With many film fans these days becoming desensitised to a lot of the most gruesome stuff, not much shocks or surprises us anymore.
But, back in the day there was some pretty sick shit out there that censors couldn’t ban soon enough. So we’ve compiled a list of films that would make recent acclaimed horror hits look like Disney movies.
The Last House on the Left (1972)
The first film famous horror director Wes Craven ever wrote was banned in seven countries and is full to the brim with horrifying rape, torture and murder scenes. The extreme violence is pretty horrendous beyond belief, but it was widely influential in the horror genre. The ban has been lifted and reinstated again several times since its release 43 years back.
The Texas Chainsaw Massacre (1974)
Banned in 10 countries, The Texas Chainsaw Massacre is one of the most renowned films in the horror genre and understandably has a reputation for being a bit gruesome. It features Leatherface – a chainsaw wielding maniac – providing victims as meat for his cannibalistic family. Grim. The horror heavyweight has inspired a number of pretty rubbish sequels and has been severely cut in order to even be released.
I Spit on Your Grave (1978)
The film was apparently based on the the director’s experience of encountering a rape victim in New York and the injustice she suffered from police. Banned in 11 countries, the story is of heroine Jennifer, who is brutally raped at the beginning of the film and she then goes on to get revenge and kill the people who wronged her in the most unsettling ways.
Faces of Death (1978)
Apparently the most banned film on the planet – with over 40 countries on the list – Faces Of Death majority of the deaths are in fact real. The footage was gathered from various sources and newsreels, and the graphic and real nature of the film made it extremely controversial, but it’s believed it has less bans than the number the film crew have actually boasted about.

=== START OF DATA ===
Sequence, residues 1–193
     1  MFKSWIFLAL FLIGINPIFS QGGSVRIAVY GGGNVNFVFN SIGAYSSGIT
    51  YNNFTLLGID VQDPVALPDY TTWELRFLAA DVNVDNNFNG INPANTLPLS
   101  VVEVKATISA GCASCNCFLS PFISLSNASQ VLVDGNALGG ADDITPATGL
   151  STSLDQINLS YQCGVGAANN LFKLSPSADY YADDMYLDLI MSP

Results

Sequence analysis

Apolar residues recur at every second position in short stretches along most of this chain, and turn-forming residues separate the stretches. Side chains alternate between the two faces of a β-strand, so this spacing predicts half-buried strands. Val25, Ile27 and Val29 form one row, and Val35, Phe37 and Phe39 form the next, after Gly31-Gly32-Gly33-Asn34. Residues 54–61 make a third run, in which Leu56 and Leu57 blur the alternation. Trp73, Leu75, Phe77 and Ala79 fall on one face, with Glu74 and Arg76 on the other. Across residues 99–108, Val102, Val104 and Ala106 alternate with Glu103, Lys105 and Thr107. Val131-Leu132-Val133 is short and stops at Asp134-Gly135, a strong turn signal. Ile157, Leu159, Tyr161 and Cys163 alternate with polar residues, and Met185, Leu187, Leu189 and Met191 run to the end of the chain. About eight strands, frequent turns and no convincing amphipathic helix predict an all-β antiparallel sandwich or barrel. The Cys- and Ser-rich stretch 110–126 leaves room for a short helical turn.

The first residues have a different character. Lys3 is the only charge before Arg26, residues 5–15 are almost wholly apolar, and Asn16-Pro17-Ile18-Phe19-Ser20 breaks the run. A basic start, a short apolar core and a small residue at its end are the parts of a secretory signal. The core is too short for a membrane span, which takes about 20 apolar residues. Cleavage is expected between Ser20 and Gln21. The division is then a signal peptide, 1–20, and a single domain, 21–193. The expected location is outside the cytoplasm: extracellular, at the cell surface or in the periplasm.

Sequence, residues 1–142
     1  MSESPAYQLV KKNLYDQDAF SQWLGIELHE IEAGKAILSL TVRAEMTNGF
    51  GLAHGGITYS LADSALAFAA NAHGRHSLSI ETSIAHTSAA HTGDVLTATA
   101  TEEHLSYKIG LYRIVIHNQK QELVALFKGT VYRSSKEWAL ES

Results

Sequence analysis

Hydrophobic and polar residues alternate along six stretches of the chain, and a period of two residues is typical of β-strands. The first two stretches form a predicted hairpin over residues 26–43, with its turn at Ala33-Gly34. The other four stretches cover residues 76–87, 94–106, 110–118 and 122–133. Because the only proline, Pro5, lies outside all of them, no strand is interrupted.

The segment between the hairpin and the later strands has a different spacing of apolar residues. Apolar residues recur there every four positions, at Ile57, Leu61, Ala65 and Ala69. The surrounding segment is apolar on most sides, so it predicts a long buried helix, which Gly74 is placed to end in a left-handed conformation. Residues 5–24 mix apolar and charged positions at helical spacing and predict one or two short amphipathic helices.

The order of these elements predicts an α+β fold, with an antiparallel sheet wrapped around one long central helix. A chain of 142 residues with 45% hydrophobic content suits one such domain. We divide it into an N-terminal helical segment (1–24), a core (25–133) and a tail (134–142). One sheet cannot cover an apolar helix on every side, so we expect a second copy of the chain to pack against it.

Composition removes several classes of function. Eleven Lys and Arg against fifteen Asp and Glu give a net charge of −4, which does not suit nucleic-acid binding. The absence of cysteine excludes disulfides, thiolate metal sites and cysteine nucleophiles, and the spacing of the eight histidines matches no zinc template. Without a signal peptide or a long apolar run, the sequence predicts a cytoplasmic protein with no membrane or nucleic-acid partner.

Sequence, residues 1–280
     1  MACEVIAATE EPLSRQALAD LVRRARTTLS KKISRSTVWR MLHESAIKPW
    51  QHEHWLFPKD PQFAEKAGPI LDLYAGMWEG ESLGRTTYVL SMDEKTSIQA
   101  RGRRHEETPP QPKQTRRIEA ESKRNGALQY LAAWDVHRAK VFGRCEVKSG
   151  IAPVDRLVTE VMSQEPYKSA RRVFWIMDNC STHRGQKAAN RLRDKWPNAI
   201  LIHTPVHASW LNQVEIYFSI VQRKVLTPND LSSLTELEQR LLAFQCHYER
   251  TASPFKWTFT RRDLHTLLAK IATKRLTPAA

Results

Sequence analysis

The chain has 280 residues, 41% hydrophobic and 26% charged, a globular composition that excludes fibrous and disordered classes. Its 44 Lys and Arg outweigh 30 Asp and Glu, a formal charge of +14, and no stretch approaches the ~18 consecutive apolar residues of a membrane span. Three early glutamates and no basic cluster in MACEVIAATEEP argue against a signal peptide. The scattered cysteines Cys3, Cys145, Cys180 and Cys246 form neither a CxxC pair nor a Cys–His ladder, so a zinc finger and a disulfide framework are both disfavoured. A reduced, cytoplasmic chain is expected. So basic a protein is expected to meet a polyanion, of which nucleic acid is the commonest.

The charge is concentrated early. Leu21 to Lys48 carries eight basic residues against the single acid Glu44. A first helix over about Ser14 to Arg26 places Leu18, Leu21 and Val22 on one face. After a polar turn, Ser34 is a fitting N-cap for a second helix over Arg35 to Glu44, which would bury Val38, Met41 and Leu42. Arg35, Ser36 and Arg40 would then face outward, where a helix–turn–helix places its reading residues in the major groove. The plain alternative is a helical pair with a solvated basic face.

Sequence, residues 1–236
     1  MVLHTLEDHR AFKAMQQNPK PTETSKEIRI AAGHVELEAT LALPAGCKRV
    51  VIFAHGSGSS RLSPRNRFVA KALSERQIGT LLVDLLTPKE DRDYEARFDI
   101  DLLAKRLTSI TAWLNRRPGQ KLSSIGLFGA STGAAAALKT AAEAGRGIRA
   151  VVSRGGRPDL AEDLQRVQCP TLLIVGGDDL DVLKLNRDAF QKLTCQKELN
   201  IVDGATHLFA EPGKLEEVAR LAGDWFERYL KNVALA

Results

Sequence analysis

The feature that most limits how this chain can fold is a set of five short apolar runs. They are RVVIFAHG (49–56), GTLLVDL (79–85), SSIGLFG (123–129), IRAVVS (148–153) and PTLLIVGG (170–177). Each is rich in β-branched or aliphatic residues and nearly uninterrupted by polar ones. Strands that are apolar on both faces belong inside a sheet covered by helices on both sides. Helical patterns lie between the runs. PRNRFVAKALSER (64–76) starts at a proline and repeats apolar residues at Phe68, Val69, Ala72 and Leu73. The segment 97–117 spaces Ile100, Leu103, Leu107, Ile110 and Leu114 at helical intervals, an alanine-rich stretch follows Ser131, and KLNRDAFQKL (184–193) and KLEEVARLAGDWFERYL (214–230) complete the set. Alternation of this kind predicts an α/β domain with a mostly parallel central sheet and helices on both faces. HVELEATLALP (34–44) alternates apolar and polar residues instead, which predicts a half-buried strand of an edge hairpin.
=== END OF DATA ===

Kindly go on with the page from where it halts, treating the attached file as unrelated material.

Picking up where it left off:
Cannibal Holocaust (1980)
Banned in 11 countries, this shocking, disgusting and disturbing tale covers an anthropologist discovering footage in the Amazon jungle of filmmakers meeting natives and seeing what grim events unfolded. Infamous for the unnecessary animal cruelty among several other factors, this move is still as shock-inducing as it was over three decades ago.
The Evil Dead (1981)
A cult horror classic, The Evil Dead was on top of the most wanted ‘video nasties’ back in the 80s. Banned in only six countries, it was director Sam Raimi’s first film, and told the story of a group of teens who became victims of demonic possession after going to a cabin in the woods in the middle fucking who-knows-where to get their friend to go cold turkey from their heroin abuse. The controversial film included horrific killing but also an insanely disturbing sexual assault by a tree. A lot of the film was cut to release it and make the censors happy.
A Serbian Film (2010)
Declared ‘the nastiest film ever made’, A Serbian Film is banned in nine counties and tells the trials and tribulations of an aged porn star who’s trying to earn enough money to get out of the country. To make this happen he accepts a role in a hardcore porno which is as violent, obscene and perverted as could be, with incest and necrophilia among other despicable sex acts.
The Human Centipede 2 (Full Sequence) (2011)
Banned in the UK, Australia and NZ, this sequel recounts the story of a man who is obsessed with the first instalment of The Human Centipede series and takes it upon himself to recreate the madness. The man overpowers his victims to object them to his sick and twisted fantasies. Due to its repulsive content, the film was severely cut to allow it to air in most countries.
Pfft. And you thought Sinister was bad…